The salvation of the world depends, then, on the ability of the human race to move beyond the intransigent, stubborn defense of masculine domination of everything, in our current postmodern moment. Unfortunately, at this point of peril, the churches, including the Roman Catholic church, have chosen to make the defense of masculine domination of everything so central to their definition of what it means to be a believer in the world today, that many churches view the attempt to correct the exclusively masculine worldview we have inherited as apocalyptic: to question the right of males to dominate is to court the destruction of the world (p. 110). Churches are impeding a necessary movement forward by the human community, by clinging to outmoded, unjust patriarchal ideas and structures, at a point in which those ideas and structures are revealed as increasingly toxic wherever they prevail.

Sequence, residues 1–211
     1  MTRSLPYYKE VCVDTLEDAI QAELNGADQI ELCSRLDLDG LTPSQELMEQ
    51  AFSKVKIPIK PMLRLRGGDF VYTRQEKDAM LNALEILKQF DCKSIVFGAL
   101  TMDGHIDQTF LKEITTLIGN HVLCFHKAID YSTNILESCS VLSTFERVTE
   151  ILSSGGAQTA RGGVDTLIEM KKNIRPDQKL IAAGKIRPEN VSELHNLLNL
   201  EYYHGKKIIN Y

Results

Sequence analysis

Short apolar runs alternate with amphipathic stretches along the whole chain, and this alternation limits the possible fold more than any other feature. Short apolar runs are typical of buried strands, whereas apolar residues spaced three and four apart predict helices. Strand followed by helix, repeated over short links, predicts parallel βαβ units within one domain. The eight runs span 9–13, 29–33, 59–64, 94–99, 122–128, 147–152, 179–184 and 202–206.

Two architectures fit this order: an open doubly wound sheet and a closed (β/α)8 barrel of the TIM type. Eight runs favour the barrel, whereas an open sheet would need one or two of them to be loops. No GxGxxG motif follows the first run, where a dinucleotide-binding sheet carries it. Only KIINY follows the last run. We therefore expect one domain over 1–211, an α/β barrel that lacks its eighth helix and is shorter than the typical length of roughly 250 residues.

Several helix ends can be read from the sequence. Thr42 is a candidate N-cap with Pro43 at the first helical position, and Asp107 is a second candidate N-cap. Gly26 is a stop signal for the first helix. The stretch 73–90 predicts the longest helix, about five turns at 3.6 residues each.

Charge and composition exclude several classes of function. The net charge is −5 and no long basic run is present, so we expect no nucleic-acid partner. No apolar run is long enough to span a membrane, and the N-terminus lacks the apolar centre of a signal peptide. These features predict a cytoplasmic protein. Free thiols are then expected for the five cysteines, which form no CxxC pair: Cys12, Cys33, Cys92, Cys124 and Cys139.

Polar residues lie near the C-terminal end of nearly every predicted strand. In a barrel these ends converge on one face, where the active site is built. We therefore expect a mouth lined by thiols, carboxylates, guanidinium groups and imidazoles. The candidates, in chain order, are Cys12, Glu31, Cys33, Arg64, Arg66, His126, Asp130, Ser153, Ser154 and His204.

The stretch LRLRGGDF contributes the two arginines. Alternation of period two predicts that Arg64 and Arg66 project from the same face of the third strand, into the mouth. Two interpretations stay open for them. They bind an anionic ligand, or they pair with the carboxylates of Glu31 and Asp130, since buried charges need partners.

What do gays and lesbians, who are increasingly the human fallout of the churches' adamantine resistance to the feminine, have to offer in this dialectical struggle for the future of the world? In McNeill's view, gays and lesbians have a providential opportunity to "model the ideal goal of humanity's present evolution," by demonstrating what it might mean to live with a balance of masculine and feminine principles inside oneself and in the culture at large (p. 115). Gays and lesbians can offer, simply by living their lives with unapologetic integrity, an example of "balanced synthesis" that a culture heavily dominated by fear of the feminine and unjust power of the masculine sorely needs, if it is to remain a viable culture.

John McNeill follows his sketch of the dialectic evolutionary process through which humanity is now moving--or, rather, has to move, if it hopes to overcome forces with the perilous ability to destroy the entire world--with a reminder of the special gifts that gay and lesbian persons bring to church and society. This Jungian-oriented analysis of the contributions of gays and lesbians to humanity is one that runs through everything McNeill has written. It sustains his thought, and is one of his most valuable contributions to Christian theology.